9. Before you hang each square up, spread a thin layer of vaseline in the black box in the centre of each square with your finger. Hang up the collection square.

10. Leave your collection squares for 3–5 days.

11. After you have waited, it is time to collect your data from the squares.

12. Revisit each location bringing your data table, magnifying glass and a digital camera.

13. Remove the squares one at a time. Each time, use your magnifying glass to count the number of visible particles you see stuck in the Vaseline inside the boxed area. Write the number in your data table.

14. Take a picture of the square.

15. Proceed to the next square and/or location until you have collected all of your data and filled out your data table.

16. For each location you will have collected three sets of data, so you will want to average the data to get a better result. First add together the three counts and write the answer in the “TOTAL” box. Then divide this number by 3 and write the answer in the “Average” box.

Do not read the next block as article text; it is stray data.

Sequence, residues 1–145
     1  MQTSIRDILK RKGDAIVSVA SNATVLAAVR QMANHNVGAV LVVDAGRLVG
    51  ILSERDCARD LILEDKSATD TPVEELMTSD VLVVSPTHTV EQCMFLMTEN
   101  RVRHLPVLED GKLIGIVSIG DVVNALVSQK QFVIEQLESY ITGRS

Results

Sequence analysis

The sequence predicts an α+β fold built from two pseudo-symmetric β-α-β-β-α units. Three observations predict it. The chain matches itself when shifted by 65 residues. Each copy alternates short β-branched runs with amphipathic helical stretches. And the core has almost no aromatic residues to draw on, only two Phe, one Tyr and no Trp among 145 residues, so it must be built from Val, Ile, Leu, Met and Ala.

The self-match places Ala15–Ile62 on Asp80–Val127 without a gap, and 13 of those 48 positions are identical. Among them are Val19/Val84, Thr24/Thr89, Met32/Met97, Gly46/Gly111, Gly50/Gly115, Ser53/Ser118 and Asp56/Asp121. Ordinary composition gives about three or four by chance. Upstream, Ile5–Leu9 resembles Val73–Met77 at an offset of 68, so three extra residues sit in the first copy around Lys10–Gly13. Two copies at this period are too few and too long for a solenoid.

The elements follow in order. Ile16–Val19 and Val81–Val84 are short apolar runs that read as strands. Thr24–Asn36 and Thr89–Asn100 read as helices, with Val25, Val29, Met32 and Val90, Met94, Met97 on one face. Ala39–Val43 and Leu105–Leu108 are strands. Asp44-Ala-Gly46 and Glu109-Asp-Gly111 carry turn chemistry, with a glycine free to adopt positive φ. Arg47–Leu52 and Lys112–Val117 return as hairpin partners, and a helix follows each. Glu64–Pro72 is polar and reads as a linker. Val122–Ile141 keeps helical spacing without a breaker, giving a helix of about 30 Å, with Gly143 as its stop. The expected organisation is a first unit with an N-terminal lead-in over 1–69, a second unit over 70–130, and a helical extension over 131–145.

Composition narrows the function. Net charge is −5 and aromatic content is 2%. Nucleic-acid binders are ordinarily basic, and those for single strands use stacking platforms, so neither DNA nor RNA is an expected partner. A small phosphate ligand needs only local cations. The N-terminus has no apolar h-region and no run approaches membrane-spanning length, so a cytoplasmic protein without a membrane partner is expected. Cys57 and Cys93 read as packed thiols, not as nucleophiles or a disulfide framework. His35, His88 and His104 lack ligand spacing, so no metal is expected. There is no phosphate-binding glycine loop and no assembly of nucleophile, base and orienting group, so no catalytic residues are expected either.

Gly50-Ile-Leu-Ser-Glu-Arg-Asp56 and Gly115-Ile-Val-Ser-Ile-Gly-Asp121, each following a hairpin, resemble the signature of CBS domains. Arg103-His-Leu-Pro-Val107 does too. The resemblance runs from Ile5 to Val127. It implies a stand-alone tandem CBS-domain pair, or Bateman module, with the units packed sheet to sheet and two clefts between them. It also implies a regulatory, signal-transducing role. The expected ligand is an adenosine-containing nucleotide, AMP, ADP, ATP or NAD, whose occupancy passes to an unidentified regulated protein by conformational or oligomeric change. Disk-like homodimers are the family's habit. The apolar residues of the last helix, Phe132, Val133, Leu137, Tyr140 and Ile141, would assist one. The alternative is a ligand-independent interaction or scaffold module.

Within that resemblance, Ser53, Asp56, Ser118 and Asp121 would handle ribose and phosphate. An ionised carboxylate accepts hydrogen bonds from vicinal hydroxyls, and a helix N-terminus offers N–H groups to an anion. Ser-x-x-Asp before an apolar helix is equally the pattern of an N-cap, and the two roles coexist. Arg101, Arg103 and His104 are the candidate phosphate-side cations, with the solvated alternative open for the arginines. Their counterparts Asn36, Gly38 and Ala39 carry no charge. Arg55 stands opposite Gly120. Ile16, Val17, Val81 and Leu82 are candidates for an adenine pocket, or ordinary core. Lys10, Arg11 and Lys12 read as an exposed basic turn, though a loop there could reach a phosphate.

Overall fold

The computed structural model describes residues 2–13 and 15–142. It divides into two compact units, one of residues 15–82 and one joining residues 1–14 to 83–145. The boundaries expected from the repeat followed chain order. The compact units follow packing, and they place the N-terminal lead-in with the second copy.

17. Now you are ready to make a graph of your data. Make a bar graph by writing a scale for the number of particles on the left side (y-axis) and then by drawing a bar up to the correct number of particles for each location. Remember to label each bar of your graph, or make a colour key.

18. Which sites had the most particulate matter in the air? Is this what you expected? Were each of your three counts the same or different? What do you think this tells you about the relative air quality at each location?

19. In your blog start a new entry entitled “Air particles and quality”. Firstly, write a sentence stating what the purpose of the experiment was. Next, include your data table followed by one picture from each location. Finally answer the questions above. Remember to answer them in complete sentences.

Experiment adapted from http://www.sciencebuddies.org/science-fair-projects/project_ideas/EnvSci_p009.shtml#procedure 

Activity 2. The contents of air.

In the above activity you looked at some of the larger objects that are in the air we breath. What about the actual gases that make up air? What do you think is included? Do the contents of the air change the higher up in the atmosphere we go? In this activity we will investigate the air at ground level.